GUILFOYLE: So do I, they were nice when I was there, when you were there.

PERINO: Yeah, but let me take a look, though. That -- OK, aside from The View, that one thing that's great for, especially for republican women is that you now have somebody who is there as Carly Fiorina hanging in there in the top 10. And so we could look at a match-up between Carly Fiorina and Hillary Clinton. I f you want to look at this montage which we have next.



HILLARY CLINTON, PRESIDENTIAL CANDIDATE: The economy does better when you have a democrat more in the White House.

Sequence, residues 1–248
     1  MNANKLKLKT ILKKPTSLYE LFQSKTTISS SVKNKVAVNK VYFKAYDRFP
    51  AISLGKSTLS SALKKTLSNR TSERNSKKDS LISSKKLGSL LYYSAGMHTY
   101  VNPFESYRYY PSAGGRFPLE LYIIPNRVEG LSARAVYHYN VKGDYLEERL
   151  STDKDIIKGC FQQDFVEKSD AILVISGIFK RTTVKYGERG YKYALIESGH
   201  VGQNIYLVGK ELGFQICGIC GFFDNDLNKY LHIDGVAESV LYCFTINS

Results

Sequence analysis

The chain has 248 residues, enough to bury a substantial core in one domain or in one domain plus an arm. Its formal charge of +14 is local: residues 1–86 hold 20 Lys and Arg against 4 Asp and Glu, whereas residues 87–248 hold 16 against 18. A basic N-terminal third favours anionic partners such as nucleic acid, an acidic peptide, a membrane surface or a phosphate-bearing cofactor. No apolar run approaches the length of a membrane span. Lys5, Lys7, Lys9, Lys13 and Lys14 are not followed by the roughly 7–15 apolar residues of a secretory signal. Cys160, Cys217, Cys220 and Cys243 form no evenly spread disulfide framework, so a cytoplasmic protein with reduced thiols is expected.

FIORINA: The more the government gets engaged in the economy, the slower the economy becomes.

CLINTON: I cannot imagine anyone being more of an outsider than the first woman president.

FIORINA: We ought to recognize that women are not special interest group.

CLINTON: It's always the republicans are their sympathizers who say, you can't have paid leave, you can't provide health care. They don't mind having big government to interfere with a woman's right to choose and to try to take down Planned Parenthood.


FIORINA: As regards to Planned Parenthood, anyone who has watched this videotape, I dare, Hillary Clinton, Barack Obama to watch these tapes. Watch a fully formed fetus on the table, its heart beating, its legs kicking.


PERINO: OK. So if everybody could get past the comments about physical looks, Kimberly.


PERINO: It could be a really good discussion on Friday.